2020

CAREER COACH

BEST PRACTICES

Ghostbusting

Break bad interview habits by going back to the basics

by Teresa Whitacre

An increasingly common trend in the hiring cycle is ghosting. It’s defined as stopping all communication and contact with another party without warning or justification. Typically, it’s done by employers, but now has extended to job candidates. Basic etiquette and common courtesy have disappeared.

Some common examples of ghosting are:

  • Not hearing from an organization after applying for a job.
  • Not hearing from an organization after interviewing. I once drove two hours for an interview and found out when I got there that the organization offered the job to someone else the day before. A contact of mine spent months going through interviews and assessments, only to never hear back from the organization. Robynn Storey, CEO of Storeyline Résumés, reported on one of her clients going to 11 interviews only to be ghosted by the employer.1
  • Candidates not showing up for their interviews. I have arranged interviews for potential candidates only for them to cancel or not show up.
  • Candidates not showing up for their first day of work. I also have hired people who didn’t show up on their first day—without any type of communication.

Do some ghostbusting by bringing simple, common decency back into the hiring process.

Employers: Be respectful of candidates’ time. If you need more than two or three interviews to decide on a candidate, don’t blame the candidates—look at your hiring processes. If you take the time to interview, assess and test a candidate, let him or her know whether he or she is going any further in the process. A simple, “We decided to pursue other candidates” is a clean, no-risk way to do so. Everyone is busy, but taking a few seconds to demonstrate kindness will be remembered indefinitely. And in the world of social media, such impressions travel quickly, and word of mouth carries a lot of weight.

Job seekers: Show up to your interviews. If you can’t make it or change your mind, it’s perfectly acceptable to tell the interviewer. It happens, and it’s much better to notify the organization upfront than to waste its time. The same holds true if you’re offered a role and decide it’s no longer a good fit. It’s always better to communicate than to just disappear.

Bust those ghosts

Communication is key to busting these ghosters. Talk to each other—whether it’s via telephone, email or some other means, communicating your reason for turning down a candidate or job is a long-lost nicety. Too often, we—employers and candidates—are so worried about risk and liability that we are afraid to communicate even in the most simple, unassuming way.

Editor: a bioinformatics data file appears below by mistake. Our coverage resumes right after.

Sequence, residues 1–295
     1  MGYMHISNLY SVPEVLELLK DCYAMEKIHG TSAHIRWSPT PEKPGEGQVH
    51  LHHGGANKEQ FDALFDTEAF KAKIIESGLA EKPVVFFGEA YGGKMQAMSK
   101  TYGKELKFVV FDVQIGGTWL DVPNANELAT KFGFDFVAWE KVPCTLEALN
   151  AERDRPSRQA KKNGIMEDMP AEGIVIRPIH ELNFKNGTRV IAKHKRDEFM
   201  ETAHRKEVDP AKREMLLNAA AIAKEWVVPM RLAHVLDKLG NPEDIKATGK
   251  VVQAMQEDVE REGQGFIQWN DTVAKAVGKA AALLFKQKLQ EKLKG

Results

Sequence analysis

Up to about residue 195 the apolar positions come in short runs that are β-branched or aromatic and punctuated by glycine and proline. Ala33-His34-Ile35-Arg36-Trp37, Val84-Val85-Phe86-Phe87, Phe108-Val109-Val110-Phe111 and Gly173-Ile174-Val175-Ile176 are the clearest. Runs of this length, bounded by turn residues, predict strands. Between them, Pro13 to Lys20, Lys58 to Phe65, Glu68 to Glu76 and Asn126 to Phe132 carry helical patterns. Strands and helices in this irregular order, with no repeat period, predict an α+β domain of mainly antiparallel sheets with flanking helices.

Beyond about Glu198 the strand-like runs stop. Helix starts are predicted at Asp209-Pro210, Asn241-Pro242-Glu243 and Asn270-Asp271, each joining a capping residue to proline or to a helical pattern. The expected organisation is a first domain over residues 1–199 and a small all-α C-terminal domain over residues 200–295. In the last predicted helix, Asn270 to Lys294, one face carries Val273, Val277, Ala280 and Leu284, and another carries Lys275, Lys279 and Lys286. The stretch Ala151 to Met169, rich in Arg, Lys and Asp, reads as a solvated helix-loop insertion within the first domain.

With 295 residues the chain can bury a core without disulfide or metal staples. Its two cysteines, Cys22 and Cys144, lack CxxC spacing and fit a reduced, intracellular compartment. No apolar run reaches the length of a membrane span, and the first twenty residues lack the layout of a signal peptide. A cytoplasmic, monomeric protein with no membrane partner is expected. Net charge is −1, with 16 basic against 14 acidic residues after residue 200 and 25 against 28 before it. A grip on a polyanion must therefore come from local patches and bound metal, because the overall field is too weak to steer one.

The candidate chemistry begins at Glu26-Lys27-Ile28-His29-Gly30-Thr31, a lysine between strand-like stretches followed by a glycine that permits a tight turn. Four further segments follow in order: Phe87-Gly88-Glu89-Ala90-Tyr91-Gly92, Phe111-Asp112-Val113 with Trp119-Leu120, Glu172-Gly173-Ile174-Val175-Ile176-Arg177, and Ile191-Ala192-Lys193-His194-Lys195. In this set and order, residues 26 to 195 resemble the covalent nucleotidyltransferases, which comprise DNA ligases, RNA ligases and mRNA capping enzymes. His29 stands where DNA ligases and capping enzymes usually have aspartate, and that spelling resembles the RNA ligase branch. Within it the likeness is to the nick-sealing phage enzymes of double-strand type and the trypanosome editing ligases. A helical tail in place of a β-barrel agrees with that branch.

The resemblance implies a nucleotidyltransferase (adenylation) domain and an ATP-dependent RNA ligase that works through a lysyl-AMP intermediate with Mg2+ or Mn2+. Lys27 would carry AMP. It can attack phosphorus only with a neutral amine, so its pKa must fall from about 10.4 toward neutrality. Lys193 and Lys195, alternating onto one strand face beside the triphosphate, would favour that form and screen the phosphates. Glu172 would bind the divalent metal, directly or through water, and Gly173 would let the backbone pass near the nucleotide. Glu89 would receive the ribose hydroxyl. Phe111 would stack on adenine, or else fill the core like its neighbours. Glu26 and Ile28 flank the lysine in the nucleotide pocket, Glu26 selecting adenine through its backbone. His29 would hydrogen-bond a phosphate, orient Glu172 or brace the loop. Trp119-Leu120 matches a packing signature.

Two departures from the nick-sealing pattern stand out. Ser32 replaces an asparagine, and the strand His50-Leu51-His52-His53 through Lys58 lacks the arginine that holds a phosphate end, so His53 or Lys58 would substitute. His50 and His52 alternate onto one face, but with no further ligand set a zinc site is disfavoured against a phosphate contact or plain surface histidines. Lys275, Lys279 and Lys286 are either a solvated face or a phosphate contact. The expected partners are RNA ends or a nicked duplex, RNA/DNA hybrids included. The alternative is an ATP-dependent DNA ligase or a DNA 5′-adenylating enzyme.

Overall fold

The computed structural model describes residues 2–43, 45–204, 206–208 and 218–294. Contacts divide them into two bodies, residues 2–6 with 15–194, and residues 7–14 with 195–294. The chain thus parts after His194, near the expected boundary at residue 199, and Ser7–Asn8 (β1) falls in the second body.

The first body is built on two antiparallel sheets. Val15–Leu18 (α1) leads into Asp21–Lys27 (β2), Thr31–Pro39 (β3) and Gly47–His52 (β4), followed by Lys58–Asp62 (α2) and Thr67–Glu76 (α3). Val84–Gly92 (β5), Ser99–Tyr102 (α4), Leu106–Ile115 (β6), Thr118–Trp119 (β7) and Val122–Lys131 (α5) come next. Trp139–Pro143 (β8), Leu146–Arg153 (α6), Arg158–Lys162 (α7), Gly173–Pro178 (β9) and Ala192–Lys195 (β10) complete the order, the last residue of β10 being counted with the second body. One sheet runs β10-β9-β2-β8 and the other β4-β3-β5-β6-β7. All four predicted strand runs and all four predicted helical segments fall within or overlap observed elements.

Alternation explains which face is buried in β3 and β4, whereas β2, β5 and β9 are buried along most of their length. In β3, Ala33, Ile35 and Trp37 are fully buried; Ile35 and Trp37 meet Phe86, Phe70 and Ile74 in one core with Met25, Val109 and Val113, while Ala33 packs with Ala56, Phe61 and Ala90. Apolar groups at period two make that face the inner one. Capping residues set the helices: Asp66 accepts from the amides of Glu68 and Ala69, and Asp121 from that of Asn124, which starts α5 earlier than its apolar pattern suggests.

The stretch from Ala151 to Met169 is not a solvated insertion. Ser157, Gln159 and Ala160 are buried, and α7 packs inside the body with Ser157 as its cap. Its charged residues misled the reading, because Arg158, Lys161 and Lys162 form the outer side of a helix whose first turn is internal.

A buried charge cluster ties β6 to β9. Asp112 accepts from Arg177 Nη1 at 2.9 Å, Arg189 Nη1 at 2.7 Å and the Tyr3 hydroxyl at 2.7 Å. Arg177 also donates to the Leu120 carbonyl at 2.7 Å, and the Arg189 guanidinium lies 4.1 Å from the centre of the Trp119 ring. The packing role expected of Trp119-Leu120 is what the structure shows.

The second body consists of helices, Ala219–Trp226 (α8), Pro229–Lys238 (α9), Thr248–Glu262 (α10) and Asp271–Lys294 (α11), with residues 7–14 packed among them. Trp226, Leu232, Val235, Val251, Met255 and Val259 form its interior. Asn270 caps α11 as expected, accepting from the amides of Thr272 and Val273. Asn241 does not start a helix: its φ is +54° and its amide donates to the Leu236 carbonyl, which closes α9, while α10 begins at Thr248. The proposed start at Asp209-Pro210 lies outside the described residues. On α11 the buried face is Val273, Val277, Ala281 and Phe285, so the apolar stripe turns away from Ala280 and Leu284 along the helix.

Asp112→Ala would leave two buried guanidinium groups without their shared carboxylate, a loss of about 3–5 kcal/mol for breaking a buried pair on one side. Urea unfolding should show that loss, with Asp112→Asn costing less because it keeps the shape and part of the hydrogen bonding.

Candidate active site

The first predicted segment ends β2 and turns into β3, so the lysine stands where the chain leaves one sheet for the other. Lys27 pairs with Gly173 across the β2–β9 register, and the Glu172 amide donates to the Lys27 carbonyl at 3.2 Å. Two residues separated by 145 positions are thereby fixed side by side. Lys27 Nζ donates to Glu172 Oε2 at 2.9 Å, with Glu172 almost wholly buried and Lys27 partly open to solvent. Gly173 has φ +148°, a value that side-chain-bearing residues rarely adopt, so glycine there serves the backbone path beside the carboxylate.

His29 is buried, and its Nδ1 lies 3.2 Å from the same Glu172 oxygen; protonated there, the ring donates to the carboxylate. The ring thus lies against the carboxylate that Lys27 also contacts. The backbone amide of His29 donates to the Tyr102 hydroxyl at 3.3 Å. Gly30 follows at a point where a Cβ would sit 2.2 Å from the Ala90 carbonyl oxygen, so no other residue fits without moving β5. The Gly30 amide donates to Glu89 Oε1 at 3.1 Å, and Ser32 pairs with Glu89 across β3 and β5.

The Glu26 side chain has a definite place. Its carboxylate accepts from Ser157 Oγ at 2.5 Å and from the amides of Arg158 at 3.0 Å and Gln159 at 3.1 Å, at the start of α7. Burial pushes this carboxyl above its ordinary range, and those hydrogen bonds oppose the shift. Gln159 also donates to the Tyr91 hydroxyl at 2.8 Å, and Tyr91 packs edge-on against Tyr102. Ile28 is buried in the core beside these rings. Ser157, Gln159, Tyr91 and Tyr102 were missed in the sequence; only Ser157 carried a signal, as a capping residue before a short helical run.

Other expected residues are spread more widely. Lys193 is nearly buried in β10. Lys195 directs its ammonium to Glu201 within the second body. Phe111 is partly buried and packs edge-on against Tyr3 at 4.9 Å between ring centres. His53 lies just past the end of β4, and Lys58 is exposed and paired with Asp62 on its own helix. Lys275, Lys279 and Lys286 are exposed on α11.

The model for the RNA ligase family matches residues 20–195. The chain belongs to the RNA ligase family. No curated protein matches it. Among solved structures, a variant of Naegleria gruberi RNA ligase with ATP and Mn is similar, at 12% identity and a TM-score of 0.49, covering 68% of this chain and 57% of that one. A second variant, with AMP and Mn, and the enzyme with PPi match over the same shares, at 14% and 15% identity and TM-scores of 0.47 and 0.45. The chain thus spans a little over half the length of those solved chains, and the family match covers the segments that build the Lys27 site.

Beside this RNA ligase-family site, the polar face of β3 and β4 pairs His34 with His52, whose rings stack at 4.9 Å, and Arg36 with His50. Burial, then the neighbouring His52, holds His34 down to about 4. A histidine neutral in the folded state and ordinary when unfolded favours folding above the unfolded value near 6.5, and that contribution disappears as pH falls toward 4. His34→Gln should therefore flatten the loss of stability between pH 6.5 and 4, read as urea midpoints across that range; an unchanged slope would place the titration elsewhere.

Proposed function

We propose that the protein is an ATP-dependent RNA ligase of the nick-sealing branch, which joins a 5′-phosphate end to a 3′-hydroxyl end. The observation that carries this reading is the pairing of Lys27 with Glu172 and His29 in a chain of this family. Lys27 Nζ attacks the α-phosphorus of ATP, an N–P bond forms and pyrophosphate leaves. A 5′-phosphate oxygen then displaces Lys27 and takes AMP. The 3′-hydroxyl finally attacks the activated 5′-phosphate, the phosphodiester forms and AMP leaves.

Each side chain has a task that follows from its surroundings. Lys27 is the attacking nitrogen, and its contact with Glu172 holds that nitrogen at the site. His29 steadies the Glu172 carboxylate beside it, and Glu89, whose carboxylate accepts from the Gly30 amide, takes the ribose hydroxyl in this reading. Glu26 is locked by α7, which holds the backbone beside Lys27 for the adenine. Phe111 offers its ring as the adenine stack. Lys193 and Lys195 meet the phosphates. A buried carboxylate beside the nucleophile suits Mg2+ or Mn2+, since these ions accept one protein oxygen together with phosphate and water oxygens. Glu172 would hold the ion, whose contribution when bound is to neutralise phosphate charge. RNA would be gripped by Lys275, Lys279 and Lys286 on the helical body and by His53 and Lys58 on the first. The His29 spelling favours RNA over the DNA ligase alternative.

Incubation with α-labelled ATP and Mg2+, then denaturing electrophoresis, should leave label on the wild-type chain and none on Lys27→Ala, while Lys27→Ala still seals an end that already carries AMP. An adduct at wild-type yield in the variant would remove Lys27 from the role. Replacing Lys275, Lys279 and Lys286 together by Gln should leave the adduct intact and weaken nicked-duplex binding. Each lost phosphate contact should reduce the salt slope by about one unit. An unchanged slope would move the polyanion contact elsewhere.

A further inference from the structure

Today’s economy, with unemployment at less than 3.7%,2 makes ghosting easy. There’s always someone else to fill the position or another position to fill. Bust these ghosts by remembering that bad times often follow good, and some day the unemployment numbers could turn.

Your reputation matters, so remember that those guilty of ghosting—candidates and organizations—will be remembered.

It’s simple: Communicate. Have manners and etiquette. Consider others, and respect their time. These simple life skills will help bust the ghosters. Don’t be like Goliath and overpower the work world. Be like David—use small tools and take small steps to make big gains.


References

  1. Robynn Storey, https://www.linkedin.com/in/robynnstorey.
  2. National Conference of State Legislatures, “National Employment Monthly Update,” http://www.ncsl.org/research/labor-and-employment/national-employment-monthly-update.aspx.

Teresa Whitacre is a senior quality engineer and principal at Marketech Systems in Pittsburgh. She holds a bachelor’s degree in organizational leadership and an MBA from Ashford University in San Diego, CA. She is an ASQ-certified quality auditor, engineer, Six Sigma Green Belt and manager of quality/organizational excellence. An ASQ fellow, Whitacre is an instructor for ASQ’s Pittsburgh Section’s certified quality inspector refresher course and past deputy regional director for ASQ Region 8.


Average Rating

Rating

Out of 0 Ratings
Rate this article

Add Comments

View comments
Comments FAQ


Featured advertisers